Stocks got crushed on Wednesday, recording their worst day of the year after hitting record highs earlier in the week.
When all was said and done the Dow lost 372 points, or 1.8%, the S&P 500 lost 43 points, or 1.8%, and the Nasdaq lost 158 points, or 2.6%. Gold prices rose 1.8% to around $1,258 an ounce, while crude oil prices were up about 1% to trade just above $49 a barrel.
Treasuries were also rallying, with the 10-year yield falling to 2.22% and the two-year moving to 1.24%. Treasury prices rise as yields fall.
Wednesday’s drop in markets comes after Tuesday evening saw the second damaging story for President Donald Trump in as many days.
The New York Times reported Tuesday evening that Trump asked former FBI director James Comey to to end an inquiry into ties former national security advisor Michael Flynn had to Russia.
And this report came just a day after The Washington Post reported Trump revealed “highly classified” information to Russia’s foreign minister.
And as Bespoke Investment Group pointed out in an email early Wednesday, the market reacting negatively to Trump-related headlines is a definite change in character from what we’ve become accustomed to in recent months.
Charlie Bilello, director of research at Pension Partners, noted that Wednesday was just the second day the S&P 500 lost 1% or more this year and its fourth 1% move overall. This puts the benchmark index on pace for the fewest 1% moves since 1964.
After the market’s violent election night reaction, stocks have more or less moved up and to the right unabated, with the political chaos roiling Washington, D.C. seeming to have little impact on financial markets.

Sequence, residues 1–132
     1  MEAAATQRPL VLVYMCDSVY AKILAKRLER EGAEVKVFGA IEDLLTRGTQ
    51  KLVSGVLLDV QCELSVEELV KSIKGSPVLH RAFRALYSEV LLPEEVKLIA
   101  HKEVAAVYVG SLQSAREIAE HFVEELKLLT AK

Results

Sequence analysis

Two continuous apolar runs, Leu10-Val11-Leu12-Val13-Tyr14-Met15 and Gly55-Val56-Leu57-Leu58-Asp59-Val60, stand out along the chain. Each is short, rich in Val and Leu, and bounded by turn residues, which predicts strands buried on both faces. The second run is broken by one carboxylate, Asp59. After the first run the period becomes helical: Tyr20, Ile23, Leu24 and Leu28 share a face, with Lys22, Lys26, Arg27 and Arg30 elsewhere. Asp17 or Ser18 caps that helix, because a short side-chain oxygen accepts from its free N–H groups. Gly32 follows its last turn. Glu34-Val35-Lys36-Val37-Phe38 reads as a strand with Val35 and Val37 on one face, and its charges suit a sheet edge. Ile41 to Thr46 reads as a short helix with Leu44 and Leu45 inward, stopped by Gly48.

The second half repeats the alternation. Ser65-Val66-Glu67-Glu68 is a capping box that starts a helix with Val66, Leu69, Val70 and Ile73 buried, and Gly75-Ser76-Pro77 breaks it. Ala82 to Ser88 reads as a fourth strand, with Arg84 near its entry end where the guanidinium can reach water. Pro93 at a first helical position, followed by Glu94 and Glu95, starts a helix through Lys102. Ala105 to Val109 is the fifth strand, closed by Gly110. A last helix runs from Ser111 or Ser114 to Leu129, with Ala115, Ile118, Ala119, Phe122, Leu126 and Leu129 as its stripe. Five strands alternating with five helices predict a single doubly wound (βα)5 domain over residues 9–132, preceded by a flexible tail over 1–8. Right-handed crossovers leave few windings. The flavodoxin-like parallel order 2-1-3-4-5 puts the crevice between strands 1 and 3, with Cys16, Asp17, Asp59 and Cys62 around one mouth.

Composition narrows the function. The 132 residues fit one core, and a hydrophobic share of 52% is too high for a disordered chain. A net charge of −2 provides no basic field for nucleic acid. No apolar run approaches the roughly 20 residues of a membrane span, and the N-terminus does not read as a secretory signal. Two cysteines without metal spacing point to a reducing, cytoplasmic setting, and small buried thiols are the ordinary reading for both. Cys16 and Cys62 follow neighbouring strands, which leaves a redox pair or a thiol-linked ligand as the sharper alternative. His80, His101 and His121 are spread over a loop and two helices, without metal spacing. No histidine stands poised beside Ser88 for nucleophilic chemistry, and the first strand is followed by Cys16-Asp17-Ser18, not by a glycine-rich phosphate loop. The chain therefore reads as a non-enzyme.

Stocks, as we noted above, are near record highs and volatility in the market has collapsed.
But this does not mean that the oft-mentioned political risk is completely gone from markets. As Bespoke notes, if and when political headlines begin to move markets in earnest it will happen quickly.
“North Korea is getting closer to having an ICBM that could get close to Hawaii, with a scary payload; a U.S. preemptive strike is still on the table. And cybersecurity finally has emerged as serious threat,” Valliere wrote. “Markets will have to worry about these issues, but they won’t significantly affect interest rates or earnings.”
And while this may be true, another thing worth keeping in mind is that while stocks have enjoyed a strong run over the last six months, most every year features a decline of 5% or more in the stock market.
No matter the catalyst, then, investors ought to always be ready for a big drop in the stock market.
Myles Udland is a writer at Yahoo Finance. Follow him on Twitter @MylesUdland
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